The Glorious Failure of a Big Business
By Anthony Gregory • Monday July 18, 2011 1:38 PM PDT • 20 Comments
Of capitalism’s condemned features, perhaps leftists complain most of all about the profits, seemingly growing without relent, accumulated in the hands of an established corporate elite. The rich get rich and the poor get poorer. Putting aside the second part of the last sentence, the concept of the rich getting richer is especially striking. Let us assume, for the sake of argument, that this is a bad thing. It is still no small matter that those who are vastly rich today may be replaced tomorrow by those who are not so rich as of now. Indeed, this is a commonplace in capitalism, and in particular when it is unmolested by state interference.
Several years ago book stores like Borders were the subject of leftist animus. How dare they crush the smaller competition. Little book stores of all sorts were being pushed aside as these gigantic buildings that featured all sorts of titles, new and old, were being introduced into the strip-mall landscape, town by town, neighborhood by neighborhood. Surely these corporate giants, undercutting the competition from mom and pop shops, would dominate the sector forever, having consolidated their share of the market and defeated the poor small stores forever.
But today Borders is on the verge of collapse. It seems the business model is losing out, especially to online sales at Amazon.com.
At this point a note is necessary. Was Borders’ success a free market phenomenon to begin with? My guess is that the answer is yes, but not purely so. Of course customers love the novelty of being able to buy all their books in once place. There is much enjoyment to be had in perusing a location like this. I have spent many hours at these stores, but my failure to buy much might have something to do with their ultimate failure.
There were ways in which government may have initially exaggerated the success of these stores. First there are the indirect subsidies that come with government planning, eminent domain, the quasi-socialized nature of strip-mall production, and so forth. More important, such establishments seemed to thrive in the real-estate and dotcom-related booms of the late 1990s and Bush era. The underlying cause of these booms, in my opinion, was credit expansion, directed by the Federal Reserve in large part with the deliberate goal of bringing about heightened economic activity, in the second case especially in real estate.
Yet whether or not the government had a role in pumping up Borders, it was the market that began signaling to the world that the company’s days were probably numbered. It is the force of the market that is bringing the business to its knees.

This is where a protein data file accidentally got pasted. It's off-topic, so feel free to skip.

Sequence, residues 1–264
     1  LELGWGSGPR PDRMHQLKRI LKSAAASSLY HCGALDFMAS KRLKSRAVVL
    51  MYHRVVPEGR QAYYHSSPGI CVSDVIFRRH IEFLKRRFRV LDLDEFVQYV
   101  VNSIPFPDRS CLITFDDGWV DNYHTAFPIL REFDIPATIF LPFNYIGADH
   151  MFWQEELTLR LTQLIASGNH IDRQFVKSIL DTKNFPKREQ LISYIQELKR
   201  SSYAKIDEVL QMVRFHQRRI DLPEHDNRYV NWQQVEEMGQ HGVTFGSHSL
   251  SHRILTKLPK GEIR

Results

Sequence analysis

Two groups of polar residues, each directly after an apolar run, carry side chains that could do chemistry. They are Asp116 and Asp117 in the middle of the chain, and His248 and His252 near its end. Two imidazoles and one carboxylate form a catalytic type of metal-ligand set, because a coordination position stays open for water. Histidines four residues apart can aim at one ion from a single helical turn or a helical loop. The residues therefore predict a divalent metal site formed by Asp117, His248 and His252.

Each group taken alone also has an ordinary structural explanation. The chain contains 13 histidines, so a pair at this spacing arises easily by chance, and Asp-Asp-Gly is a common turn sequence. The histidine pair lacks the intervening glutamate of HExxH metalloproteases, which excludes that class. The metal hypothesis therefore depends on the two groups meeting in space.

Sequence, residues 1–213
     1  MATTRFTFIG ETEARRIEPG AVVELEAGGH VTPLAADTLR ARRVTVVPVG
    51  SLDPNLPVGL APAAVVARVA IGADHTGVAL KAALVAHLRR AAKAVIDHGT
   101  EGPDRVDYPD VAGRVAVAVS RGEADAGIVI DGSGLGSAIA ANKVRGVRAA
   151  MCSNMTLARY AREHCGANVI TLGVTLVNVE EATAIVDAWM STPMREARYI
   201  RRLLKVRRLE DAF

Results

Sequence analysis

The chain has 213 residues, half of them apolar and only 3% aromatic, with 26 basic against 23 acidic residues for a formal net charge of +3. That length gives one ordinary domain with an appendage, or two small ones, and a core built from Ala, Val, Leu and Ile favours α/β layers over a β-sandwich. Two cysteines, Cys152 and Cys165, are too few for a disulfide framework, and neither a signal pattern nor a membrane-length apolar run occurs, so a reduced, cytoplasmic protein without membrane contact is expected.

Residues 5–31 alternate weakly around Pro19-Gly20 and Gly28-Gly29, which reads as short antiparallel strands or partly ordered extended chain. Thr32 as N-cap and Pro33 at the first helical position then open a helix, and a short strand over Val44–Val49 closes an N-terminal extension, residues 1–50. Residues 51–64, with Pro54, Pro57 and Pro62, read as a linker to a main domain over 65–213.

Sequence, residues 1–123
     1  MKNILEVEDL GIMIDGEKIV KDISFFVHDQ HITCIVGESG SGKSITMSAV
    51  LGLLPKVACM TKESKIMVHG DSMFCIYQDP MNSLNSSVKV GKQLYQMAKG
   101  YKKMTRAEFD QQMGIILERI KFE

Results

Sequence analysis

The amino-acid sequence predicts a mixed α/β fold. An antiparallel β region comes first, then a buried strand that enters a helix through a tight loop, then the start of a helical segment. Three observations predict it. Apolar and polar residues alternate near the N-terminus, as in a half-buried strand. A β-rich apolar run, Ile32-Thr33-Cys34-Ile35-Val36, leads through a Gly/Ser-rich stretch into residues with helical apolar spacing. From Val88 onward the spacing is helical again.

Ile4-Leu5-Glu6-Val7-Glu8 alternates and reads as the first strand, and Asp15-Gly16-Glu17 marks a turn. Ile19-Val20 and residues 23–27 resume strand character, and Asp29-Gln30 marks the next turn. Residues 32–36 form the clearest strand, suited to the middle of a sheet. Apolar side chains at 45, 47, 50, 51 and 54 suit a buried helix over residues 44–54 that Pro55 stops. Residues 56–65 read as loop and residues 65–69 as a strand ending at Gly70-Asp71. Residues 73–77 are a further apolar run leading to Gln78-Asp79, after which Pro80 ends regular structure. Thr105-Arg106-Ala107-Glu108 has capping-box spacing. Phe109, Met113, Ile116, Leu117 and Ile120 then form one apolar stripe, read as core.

This will not be addressed much by the left, except perhaps lamentably. Amazon.com doesn’t play by the same rules. It is beyond the grasp of the same sales tax burden inflicting places like Borders. So it is the new target of anti-capitalist hatred.
Although it is great that Amazon.com can avoid the state encumbrances that hurt brick and mortar places, the bigger reason for Amazon’s triumph, I believe, is its overall brilliance as a business model. You can buy most of what you’d want with a click. The prices are great. The goods are brought to your door. There are a thousand times as many products as there are in a Borders, except the shopping experience fits not in a store the size of a warehouse but on your desk.
In any event, many left-liberals have condemned Amazon for undercutting stores like Borders. The corporate artifact that ten years ago was condemned for out-competing smaller bookstores is today being eulogized for itself failing the market test.
Yet for the consumers, the downfall of Borders is glorious, much as was its climb to success. In the rearrangement of resources to serve customers we see the beautiful actions of the market economy reconfiguring the world to provide the goods and services that are most wanted and needed in the most effective way. To ignore the upside to Borders’ downfall is as fallacious as to focus only on the downside of its upswing, as did most of the anti-corporate left in the last decade. But today we see that it was not government, nor socialist agitation, that brought the axe down on this big company. It was the matrix of demand provided by customers. It was the consumer base, acting in a manner much more democratic in the good sense of the word, and much more peaceful and socially productive, than anything we see in the political process. Thank goodness there is no doctrine of “too big to fail” in the book store industries. If the government bailed out Borders as it has so many financial institutions, surely the customers would suffer.
Whereas socialists of all parties cheer on the peaceful transfer of power following the election season, they ignore the violent nature of that power and the inherent conflict in the process. With economic “power,” however, the situation is different: Borders losing out to other alternatives truly is a peaceful process, one to be celebrated for all its compatibility with a socially harmonious world.
The failure of Borders is a beautiful thing, coming as it does from the market process. If voluntary competition should one day bring Amazon.com down, in the midst of a competing commercial success today unimaginable but even more friendly to consumers than that wonderful online store, we will again have reason to celebrate.